It’s time for a rallying cry to save one of the most inventive, emotionally rich, beautifully geeky and intensely genre-busting shows on TV right now: Fringe.
The show has risen mightily from its X-Files-esque beginnings, with an unorthodox FBI team working on strange phenomenon-based cases of the week. It has built a beautifully detailed, richly atmospheric and resonant architecture for itself as it heads towards the end of its third season. However, with Fox having moved Fringe to the “Firefly” slot on Fridays, and ratings slipping, the outlook for the Fringe-iverse may not be so positive: cracks may be appearing in the future of the show, just as reality is starting to fragment within the show itself.
The show has a core team of three, serving in the FBI’s “Fringe Division.” Special Agent Olivia Dunham (played by Anna Torv), the uptight, fiercely intelligent and emotionally unflinching leader. Peter Bishop (Joshua Jackson), the man who was a boy from another universe and is now a troubled but fundamentally sincere and decent “special consultant.” He happens to be the son of the team’s resident genius, Walter Bishop (the legendary John Noble), a Harvard-based scientist who devised countless reality-defying experiments, spent 20 years in an asylum, and now struggles to connect his genius to the real world. These three, with the assistance of agent Astrid Farnsworth (Jasika Nicole), report to Phillip Broyles (Lance Reddick), the enigmatic senior agent with mysterious connections.
Fringe has grown in scale and ambition since those early days investigating unexplained and terrifying creatures and occurrences. Now, it deals with nothing less than the fate of our world, and that of the Other Side, the alternate version of our world, intimately tied to ours as the fabric of both begins to rupture and come apart. The details of that off-kilter alternate world are perfectly drawn, creating the same-but-different feel: for example, there is no such thing as coffee there, the Statue Of Liberty is cast in bronze, and airships float through the high-tech skies. With the conflict between the worlds played out like a war in the making, the show has built a powerful narrative momentum as the stakes are driven higher, and the emotional impact gets deeper, and more intense.
The show is geek heaven, with its critical recurring role for Leonard Nimoy as William Bell, Walter Bishop’s former partner (and founder of Massive Dynamic), and its immaculately chosen guest stars, including Back To The Future‘s Christopher Lloyd, and Robocop‘s Peter Weller. The stories themselves have become more resonant, more richly emotional — feelings play an intense and devastating role in this show. It’s not just abstract science that fuels the tales of the two universes, it’s deeply powerful stories that tear at you with their implications. They are primal human stories: a father losing a son in one world, and stealing his alternate version from another; a love triangle between a man, and the two identical women from each side, told in the most emotionally devastating and real way possible; experiments on children to develop and enhance special abilities, dealt with through the lens of the disturbed, haunted adults they become.
But it isn’t all about darkness and fear. Fringe is one of the funniest and wittiest one hour dramas currently on the air. It’s a true stablemate to other such intense yet bitingly funny shows produced by Warner Bros. Television, including True Blood, SouthLAnd and The Vampire Diaries. They all share deep and compelling traits: they approach emotion, drama and humor with equally savage and sustained enthusiasm and energy. They are all derived from the minds of some of TV’s finest showrunners: J.J. Abrams, Alex Kurtzman and Roberto Orci, Jeff Pinkner & Joel Wyman (Fringe), John Wells, Ann Biderman & Christopher Chulack (SouthLAnd), Kevin Williams and Julie Plec (The Vampire Diaries), and of course, Alan Ball (True Blood).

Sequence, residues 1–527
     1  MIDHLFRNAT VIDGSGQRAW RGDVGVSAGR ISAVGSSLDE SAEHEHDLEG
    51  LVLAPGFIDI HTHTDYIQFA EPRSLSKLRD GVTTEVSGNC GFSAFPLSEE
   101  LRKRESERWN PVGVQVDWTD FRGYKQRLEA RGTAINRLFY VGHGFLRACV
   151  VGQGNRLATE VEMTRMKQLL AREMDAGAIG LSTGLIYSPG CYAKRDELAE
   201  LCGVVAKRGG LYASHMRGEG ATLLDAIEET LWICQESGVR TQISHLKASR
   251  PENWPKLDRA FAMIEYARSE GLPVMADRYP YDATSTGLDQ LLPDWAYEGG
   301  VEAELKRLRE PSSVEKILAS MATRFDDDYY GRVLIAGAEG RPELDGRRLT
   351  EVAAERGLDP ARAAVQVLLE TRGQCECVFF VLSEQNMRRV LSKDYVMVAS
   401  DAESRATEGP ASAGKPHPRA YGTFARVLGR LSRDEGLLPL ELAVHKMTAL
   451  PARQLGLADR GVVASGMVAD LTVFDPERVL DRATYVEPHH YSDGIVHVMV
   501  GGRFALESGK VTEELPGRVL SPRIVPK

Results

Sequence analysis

These shows share an emotional intensity, the furious whipping up of wild and hard-hitting narrative arcs, a beautiful awareness of genre and how to play with it, honor it, and transcend it. They all build worlds real and imagined, and they all push the boundaries of their creations.
Now one of them is in trouble. Maybe two, but SouthLAnd is discussed in other posts on this blog. This post is for Fringe. Because quality storytelling is important. Writing of this caliber must be supported. Great acting needs to be cherished. With its ability to filter emotional stories through “strange science”, alternate universes, and complex relationships, by playing with the tropes of TV sci-fi, Fringe is truly unique in its genre, and in the world of TV drama. It has a powerful engine driving its ideas, and its cast and crew is populated with artists and visionaries, beautifully executing the ideas in a manner that is always highly entertaining, intense, gory sometimes, emotionally powerful all the time.
John Noble, Anna Torv and Pacey himself, Joshua Jackson, do a tremendous job as the heart and soul of the show. They portray heartbreaking, hilarious, darkly complex characters: they have the richness of Shakespearean creations, filtered through the fast-moving, wisecracking lens of 21st century TV. Noble, Torv and Jackson are an essential, compelling team, with truly fantastic chemistry and comic timing, and dramatic, heartbreaking depth.
As they fight to save our world and the alternate world that threatens it, so the fans of Fringe must also mobilize to save the universes. Without regular live viewings, the show will slip through the cracks in the TV drama universe and disappear forever. Watch it, and it will endure.